Patent: Roku to Track its Users’ Movements with IoT Devices

Roku Inc., one of the largest manufacturers of digital media players, has been granted a new patent that could potentially enhance the user experience of Internet of Things (IoT) devices significantly. However, the description of the patent implies that this improvement may come at the cost of potential privacy violations.

The patent, filed on August 10, 2022 (Published on July 11, 2023), and credited to inventors Greg Garner and David Stern, introduces a method for switching operational modes of IoT devices based on the presence and motion of an end-user.

The patent, titled “Using Motion and Presence of an End-User to Switch Operational Modes of an Internet of Things Device,” describes a method that uses a Wi-Fi module of a computing device to detect the presence of an end-user in a monitored environment. This environment is separate from, but communicatively coupled over an IoT network to, a battery-powered IoT device.

The method involves switching the IoT device from a standby mode to an active mode when the end-user enters the monitored environment. The standby mode is a power-saving mode in which the IoT device consumes less power than when operating in active mode.

The patent also details a system that includes a processor and a non-transitory computer-readable storage medium. The system stores program instructions that, when executed by the processor, perform operations similar to the method described above.

Moreover, the patent outlines a method for detecting the movement of an end-user from one monitored environment to another. This involves triggering different IoT actions at the first and second IoT devices, respectively.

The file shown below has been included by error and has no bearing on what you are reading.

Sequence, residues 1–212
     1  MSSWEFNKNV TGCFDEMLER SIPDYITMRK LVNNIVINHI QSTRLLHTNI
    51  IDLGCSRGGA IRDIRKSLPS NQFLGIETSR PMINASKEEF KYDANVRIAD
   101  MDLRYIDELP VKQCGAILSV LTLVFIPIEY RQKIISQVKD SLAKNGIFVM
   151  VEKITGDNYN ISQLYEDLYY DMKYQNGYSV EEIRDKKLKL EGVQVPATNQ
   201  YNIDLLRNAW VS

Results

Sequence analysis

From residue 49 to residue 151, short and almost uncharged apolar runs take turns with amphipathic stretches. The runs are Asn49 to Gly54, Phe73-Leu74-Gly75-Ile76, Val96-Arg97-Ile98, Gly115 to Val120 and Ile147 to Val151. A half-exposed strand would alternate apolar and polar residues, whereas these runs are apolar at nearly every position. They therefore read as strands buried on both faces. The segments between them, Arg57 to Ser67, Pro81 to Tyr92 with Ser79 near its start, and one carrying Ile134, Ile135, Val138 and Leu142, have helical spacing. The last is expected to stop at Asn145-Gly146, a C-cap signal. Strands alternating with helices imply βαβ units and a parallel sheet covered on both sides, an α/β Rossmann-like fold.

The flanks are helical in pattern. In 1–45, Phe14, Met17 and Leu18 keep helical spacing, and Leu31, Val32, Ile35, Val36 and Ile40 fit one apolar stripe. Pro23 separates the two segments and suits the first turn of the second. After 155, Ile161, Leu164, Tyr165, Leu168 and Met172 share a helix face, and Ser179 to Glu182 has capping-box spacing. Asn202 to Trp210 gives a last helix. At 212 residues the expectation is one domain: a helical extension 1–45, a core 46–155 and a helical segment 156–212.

Another aspect of the patent includes a method for detecting when an end-user has exited a monitored environment. In response, the system triggers an IoT action at the device. If the end-user reenters the environment, a second IoT action is triggered.

The patent also addresses a scenario where an IoT device is playing out media content. If a predefined time period passes without the IoT device receiving end-user input, the device displays a prompt for the end-user to indicate whether they are present. However, if the system detects the presence of the end-user, it triggers the IoT device to switch to a mode where it does not display the prompt.

What are your thoughts about this new patent filed by Roku? Does it concern you for your privacy? Let’s discuss this aspect of this technology in the comments section below.


Abdullah Amin

Abdullah is passionate about staying up-to-date on the latest trends and developments in the gaming industry. With a strong background in writing and research, he is able to provide in-depth analysis and informative articles for a wide range of gaming audiences.
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